MIT study shows why carbon cuts make sound economic sense

Savings on healthcare spending may at times be 10 times more than cost of implementing policies to reduce emissions

By Rajit Sengupta
Published: Tuesday 26 August 2014

Illustration: Christine Daniloff

It is widely known that low carbon emissions are a healthy option. Now a study claims carbon cuts are also more economical. The study by Massachusetts Institute of Technology (MIT) found that the savings on healthcare spending and other costs related to illness can be big—in some cases, more than 10 times the cost of policy implementation to reduce carbon emissions.

“Carbon-reduction policies significantly improve air quality,” says Noelle Selin, an assistant professor of engineering systems and atmospheric chemistry at MIT and co-author of a study published in Nature Climate Change. “In fact, policies aimed at cutting carbon emissions improve air quality by a similar amount as policies specifically targeting air pollution.”

The MIT researchers compared the health benefits to the economic costs of three climate policies: a clean-energy standard, a transportation policy, and a cap-and-trade program. The three were designed to resemble proposed US climate policies, which industry and business groups claim will lead to job losses, economic damage and inequality among states.

But the MIT study found that a clean energy standard would lead to health savings of $247 billion compared to a $208 billion cost. The savings from a cap-and-trade programme would be higher, more than 10 times the $14 billion cost, they said. Savings came in the form of avoided hospital admissions and saved sick days linked to reductions in ozone and particulate matter. The savings remained relatively constant among the policies.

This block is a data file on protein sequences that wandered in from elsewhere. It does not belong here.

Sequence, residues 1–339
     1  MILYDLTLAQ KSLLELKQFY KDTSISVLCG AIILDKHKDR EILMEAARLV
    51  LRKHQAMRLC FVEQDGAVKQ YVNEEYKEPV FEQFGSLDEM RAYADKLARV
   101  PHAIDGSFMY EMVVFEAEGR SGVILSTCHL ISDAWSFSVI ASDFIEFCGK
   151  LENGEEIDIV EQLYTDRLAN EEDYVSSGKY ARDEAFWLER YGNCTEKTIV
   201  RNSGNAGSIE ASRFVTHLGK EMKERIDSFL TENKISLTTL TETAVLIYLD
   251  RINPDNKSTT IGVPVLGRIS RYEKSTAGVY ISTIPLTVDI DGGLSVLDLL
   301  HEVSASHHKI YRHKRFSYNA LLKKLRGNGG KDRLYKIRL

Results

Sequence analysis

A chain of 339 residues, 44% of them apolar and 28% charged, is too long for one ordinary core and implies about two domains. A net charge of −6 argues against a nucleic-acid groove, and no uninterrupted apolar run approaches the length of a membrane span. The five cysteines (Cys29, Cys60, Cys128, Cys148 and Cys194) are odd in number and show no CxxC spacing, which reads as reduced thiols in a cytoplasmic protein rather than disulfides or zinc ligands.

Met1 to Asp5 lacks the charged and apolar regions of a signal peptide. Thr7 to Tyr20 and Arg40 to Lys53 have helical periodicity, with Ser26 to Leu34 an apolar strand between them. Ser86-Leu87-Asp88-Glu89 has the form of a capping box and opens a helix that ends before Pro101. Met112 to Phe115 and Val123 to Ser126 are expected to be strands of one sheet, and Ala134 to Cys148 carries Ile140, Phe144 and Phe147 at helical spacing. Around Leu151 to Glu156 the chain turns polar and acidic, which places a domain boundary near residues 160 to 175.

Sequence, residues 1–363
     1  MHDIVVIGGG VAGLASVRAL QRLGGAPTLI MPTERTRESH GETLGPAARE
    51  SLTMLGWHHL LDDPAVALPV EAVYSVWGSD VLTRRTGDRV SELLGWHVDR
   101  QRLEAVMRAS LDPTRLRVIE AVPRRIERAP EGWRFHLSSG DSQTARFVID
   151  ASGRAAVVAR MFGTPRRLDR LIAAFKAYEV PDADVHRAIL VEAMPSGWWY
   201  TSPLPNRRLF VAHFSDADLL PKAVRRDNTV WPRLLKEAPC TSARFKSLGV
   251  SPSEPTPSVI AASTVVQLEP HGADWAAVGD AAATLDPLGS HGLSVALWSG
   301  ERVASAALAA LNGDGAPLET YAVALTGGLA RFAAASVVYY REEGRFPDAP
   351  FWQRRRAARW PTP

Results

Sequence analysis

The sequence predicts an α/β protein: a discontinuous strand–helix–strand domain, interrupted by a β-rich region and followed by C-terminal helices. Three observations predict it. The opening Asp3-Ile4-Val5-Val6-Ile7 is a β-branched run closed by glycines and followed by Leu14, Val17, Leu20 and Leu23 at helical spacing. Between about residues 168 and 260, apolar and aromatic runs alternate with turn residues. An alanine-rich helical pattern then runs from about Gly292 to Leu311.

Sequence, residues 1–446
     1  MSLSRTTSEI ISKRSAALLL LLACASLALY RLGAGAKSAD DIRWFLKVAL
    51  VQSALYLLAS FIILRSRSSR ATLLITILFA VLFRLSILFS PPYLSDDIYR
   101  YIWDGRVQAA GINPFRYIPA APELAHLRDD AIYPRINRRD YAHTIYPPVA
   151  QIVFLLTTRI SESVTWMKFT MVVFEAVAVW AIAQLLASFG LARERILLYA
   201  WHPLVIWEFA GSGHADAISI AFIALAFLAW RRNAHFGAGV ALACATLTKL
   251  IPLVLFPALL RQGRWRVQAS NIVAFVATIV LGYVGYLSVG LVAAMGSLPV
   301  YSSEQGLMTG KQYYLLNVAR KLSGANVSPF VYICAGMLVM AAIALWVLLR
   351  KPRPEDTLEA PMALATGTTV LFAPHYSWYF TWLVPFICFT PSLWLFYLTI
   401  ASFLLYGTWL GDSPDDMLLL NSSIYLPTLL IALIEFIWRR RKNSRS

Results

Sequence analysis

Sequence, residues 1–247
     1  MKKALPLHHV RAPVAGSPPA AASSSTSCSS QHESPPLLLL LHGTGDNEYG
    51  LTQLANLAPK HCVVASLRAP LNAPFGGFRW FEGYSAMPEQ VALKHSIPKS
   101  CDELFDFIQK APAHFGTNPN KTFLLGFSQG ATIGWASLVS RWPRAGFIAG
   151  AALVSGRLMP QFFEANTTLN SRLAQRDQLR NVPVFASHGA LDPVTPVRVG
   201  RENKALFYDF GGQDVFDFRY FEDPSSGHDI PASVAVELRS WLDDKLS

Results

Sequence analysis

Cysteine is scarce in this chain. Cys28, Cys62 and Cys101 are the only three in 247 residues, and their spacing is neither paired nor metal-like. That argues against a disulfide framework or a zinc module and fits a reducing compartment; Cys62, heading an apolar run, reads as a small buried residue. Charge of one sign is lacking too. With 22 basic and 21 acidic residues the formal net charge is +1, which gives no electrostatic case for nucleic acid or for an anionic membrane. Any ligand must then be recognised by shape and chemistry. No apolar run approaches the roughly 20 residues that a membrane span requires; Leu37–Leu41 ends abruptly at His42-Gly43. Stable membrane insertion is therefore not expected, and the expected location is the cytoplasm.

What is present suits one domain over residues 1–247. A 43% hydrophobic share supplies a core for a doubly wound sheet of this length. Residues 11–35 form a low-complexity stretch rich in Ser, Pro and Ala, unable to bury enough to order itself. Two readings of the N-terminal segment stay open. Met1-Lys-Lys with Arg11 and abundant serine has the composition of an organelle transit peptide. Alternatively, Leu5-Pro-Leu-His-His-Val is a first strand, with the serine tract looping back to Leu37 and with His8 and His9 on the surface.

The researchers found that savings from avoided health problems could recoup 26 per cent of the cost to implement a transportation policy, but up to 10.5 times the cost of implementing a cap-and-trade programme. The difference depended largely on the costs of the policies, as the savings — in the form of avoided medical care and saved sick days — remained roughly constant.
“If cost-benefit analyses of climate policies don’t include the significant health benefits from healthier air, they dramatically underestimate the benefits of these policies,” says lead author Tammy Thompson, now at Colorado State University, who conducted the post doctoral research in Selin’s group.

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